Forest Bidar

Bidar Forests:

Bidar Forest division is the northern most division of Karnataka encompassing the whole of Bidar district and 31 villages of the adjoining Gulbarga district.

Forest areas of Bidar division are classified as Reserve forests, Protected forests and Unclassed forests.

Bidar Forest division is having 43,592 ha. of Forest area including Reserve Forests, Protected forests and Unclassified forests. This area is about 8.5% of total geographical extent of the district. The break up of forests into different categories is shown in the pie-chart.

Bidar forest
Bidar forest
Sl# Name of the Range Reserve forests in Ha Protected forests in Ha Unclassed forests in Ha Total
1 Bidar 1966.65 3225.06 3235.85 8427.56
2 Bhalki -- 922.46 1929.09 2851.55
3 Aurad -- 832.87 1456.95 2289.82
4 Humnabad 2488.45 7695.86 11509.09 21693.40
5 Basavakalyan 489.44 551.54 7289.65 8330.63

The total forest area of the division is 43,592.94 ha, comprising of 4,874.04 ha of reserve forests, 12,802.90 ha of protected forests and 28,881.00 ha of unclassed forests.

Most of the RF areas are in Bidar and Humnabad ranges. Originally the forests in Bidar Division consisted of Dry deciduous and Scrub type vegetation . Over the years almost all the forest areas have been worked at one or more times resulting in large expanses of man made forests comprising mostly of Eucalyptus, Acacia auriculiformis, Glyricidia and miscellaneous species like Hardwickia, Albizzia, Azadirachta & Pterocarpus etc. Majority of these plantations are successful. Due to the sustained efforts of the forest department the forest cover in the district has increased by about 4% as reported by the Hyderabad based National Remote Sensing Agency.

Records are not available to show the extent and nature of forests that existed originally. The majority of existing forests of Bidar are all man made forests. The indications are available to show that land was very fertile centuries ago and there were good forests and big games. Ravages of wars and continuous trampling by men and animals, as also dumping of huge quantities of ammunition and other poisonous material on the ground depleted the Flora and also the Fauna. In the past forests were also gradually destroyed by the people in their persistent efforts clear the land for cultivation of food grains and grazing of their cattle. Even today the tendency to encroach upon remains. Wherever cultivation is possible it is not uncommon that the remaining forests are still being hacked and destroyed.

The forests were originally controlled by the Revenue Department which introduced permit system under which permit holders were allowed to cut trees wherever they liked in the forests. Since no special staff was employed the control was only nominal and vast tracts covered with valuable forests were recklessly destroyed through this system of working. In view of this Government established Forest Department in 1277F. However only 13 species scheduled as 'IRSALI’ were placed under the control of and rest scheduled as "GAIRI" continued to be under the Revenue Department. In the year 1309F, Forest Act was sanctioned and full control was entrusted to Forest Department. Since the department had non-technical head, the policy was still that of realizing more revenue at the expense of capital. The permit system which caused indiscriminate fellings by permit holders remained in vogue till 1319F. Under the Forest Act, some forests known as open forests were set apart to meet the domestic requirements of villagers and for the others proceedings were started to constitute as reserve forests . The Forest Act was revised in 1326 F and again in 1355 F.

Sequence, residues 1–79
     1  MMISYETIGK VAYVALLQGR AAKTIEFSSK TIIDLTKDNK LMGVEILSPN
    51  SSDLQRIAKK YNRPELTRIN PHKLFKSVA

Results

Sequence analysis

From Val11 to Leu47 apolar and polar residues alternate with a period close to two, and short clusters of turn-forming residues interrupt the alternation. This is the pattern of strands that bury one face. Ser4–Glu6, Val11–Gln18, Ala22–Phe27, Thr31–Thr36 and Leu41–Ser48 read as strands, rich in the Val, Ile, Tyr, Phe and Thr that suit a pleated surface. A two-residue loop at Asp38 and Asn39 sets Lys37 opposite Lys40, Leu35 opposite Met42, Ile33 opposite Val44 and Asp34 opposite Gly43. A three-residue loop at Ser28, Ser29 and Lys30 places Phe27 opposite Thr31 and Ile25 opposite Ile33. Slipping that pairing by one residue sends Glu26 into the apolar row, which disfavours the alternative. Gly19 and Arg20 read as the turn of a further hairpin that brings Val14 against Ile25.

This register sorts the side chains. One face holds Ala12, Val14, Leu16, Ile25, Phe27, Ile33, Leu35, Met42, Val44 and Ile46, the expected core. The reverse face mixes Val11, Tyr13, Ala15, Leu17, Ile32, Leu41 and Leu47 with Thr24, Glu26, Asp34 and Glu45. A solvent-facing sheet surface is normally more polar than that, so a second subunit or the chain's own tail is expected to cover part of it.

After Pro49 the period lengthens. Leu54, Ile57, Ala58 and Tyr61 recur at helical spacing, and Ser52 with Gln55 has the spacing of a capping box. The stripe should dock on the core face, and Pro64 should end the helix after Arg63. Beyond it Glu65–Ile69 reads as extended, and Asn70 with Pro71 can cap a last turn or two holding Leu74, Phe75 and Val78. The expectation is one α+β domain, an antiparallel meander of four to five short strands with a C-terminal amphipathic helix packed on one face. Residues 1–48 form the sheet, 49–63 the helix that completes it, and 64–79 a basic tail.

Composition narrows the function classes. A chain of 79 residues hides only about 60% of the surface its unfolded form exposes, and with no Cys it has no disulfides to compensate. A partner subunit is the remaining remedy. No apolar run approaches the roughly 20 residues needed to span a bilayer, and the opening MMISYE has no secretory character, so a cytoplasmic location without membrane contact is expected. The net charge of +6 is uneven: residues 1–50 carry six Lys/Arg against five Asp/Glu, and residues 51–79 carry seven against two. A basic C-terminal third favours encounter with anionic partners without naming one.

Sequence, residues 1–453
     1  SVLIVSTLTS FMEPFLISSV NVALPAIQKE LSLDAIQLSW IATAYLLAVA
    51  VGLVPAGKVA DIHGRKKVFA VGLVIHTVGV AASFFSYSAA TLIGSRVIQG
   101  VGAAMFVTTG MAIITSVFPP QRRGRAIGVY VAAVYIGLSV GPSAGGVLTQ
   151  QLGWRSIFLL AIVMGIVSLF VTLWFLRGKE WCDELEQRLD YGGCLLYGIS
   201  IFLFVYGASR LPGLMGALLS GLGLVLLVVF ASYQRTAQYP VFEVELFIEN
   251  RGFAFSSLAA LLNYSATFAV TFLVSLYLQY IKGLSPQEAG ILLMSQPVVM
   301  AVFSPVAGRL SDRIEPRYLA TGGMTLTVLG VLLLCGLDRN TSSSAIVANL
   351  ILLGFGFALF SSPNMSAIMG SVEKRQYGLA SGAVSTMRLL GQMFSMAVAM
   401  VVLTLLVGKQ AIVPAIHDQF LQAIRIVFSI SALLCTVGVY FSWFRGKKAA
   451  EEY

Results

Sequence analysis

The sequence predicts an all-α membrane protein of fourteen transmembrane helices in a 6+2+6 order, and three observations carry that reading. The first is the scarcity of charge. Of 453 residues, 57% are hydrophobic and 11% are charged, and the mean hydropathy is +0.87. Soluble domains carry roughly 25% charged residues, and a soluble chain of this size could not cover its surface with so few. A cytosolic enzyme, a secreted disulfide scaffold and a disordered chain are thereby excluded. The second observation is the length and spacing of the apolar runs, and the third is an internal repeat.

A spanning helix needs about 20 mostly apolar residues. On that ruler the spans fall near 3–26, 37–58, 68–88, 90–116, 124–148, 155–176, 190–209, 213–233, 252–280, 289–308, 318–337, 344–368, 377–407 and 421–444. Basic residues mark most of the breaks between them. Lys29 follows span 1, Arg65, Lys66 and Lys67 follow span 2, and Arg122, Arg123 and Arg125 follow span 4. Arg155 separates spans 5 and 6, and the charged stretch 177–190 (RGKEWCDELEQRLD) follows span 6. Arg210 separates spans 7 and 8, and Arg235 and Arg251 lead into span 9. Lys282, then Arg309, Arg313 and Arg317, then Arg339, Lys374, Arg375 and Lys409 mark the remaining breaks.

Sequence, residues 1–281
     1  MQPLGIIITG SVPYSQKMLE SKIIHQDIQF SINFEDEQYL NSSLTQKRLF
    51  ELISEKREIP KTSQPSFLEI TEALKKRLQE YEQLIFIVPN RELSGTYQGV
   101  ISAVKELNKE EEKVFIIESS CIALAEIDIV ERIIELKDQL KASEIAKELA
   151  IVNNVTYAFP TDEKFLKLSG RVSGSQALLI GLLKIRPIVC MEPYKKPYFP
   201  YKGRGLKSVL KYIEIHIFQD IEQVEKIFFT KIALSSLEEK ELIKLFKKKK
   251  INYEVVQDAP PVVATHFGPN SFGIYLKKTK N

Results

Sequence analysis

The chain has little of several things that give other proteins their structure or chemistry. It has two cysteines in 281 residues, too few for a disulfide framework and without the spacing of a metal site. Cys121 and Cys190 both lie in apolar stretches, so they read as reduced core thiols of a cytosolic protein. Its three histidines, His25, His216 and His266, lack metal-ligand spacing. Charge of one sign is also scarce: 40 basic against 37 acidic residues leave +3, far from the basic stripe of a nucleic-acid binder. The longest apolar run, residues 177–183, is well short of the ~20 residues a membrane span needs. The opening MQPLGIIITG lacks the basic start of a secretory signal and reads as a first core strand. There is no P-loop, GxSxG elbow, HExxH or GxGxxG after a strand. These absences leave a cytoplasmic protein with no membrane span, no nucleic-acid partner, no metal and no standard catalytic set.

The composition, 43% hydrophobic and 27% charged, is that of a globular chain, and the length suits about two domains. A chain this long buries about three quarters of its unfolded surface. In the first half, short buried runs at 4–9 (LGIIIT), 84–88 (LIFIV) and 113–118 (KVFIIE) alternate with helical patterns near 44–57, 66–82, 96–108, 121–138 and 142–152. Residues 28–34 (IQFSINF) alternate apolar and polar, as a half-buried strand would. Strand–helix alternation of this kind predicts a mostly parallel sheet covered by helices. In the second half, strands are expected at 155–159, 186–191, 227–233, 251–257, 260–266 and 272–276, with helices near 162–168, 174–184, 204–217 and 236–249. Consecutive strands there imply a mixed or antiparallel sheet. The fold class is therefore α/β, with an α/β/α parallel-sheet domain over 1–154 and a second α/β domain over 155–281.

The area of Bidar District had neither working plans nor the working schemes except that some fuel coupes used to be worked tentatively on simple coppice method. The coupes were marked on the maps and after obtaining the sanction of I.G.F . they were auctioned.

The irregular working did much to add to the detoriation rather than to improve the condition of crop and factors of locality. The water table has sunk and scarcity of water is felt, from the beginning of the winter season. Since no provision were made for protection and restocking of the felled areas. The density decreased and soil became much degenerated. For want of tending operations, new shoots of Coppice became congested producing crocked and malformed stems.

Forests in Bidar Division can be classified under two sub groups namely 5A-Souther tropical dry deciduous forests and 6A-Southern tropical thorn forests, as per the classification of Champion and Seth (1968) in their "A revised survey of the forest types of India". Accordingly, the following forest types are found in Bidar forest division

Sub Groups 5A : Southern tropical dry deciduous forest.

Type 5A/C1 : Dry teak bearing forest

Sub Type 5A/C1a : Very dry teak forest

Type 5A/C3 : Southern dry mixed deciduous forest

Type 5/DS1 : Southern tropical dry deciduous forest

Sub Group 6A/C1 : Southern tropical thorn forest

The forests coming in this group will have uneven upper canopy and not very dense canopy cover. The species present in this group are deciduous during dry season. Many of them will remain leafless for long duration, usually for several months. The lower canopy is almost entirely deciduous. Although evergreen species are present, they are inconspicuous and mainly confined to the moist localities. Undergrowth of shrubs is present. Grass appears in the open spaces or where light falls on the ground.

This type is met with throughout the Indian peninsula, with the exception of the western Ghats where the rainfall exceeds 1,900 mm. The annual mean maximum temperature lies between 29C to 35C and annual mean minimum temperature between 18C and 23C. The typical annual rainfall for the type is 1,000 to 1,300 mm. The greater part of the area under dry deciduous forests is undulating and generally comprises of hills of low or medium height.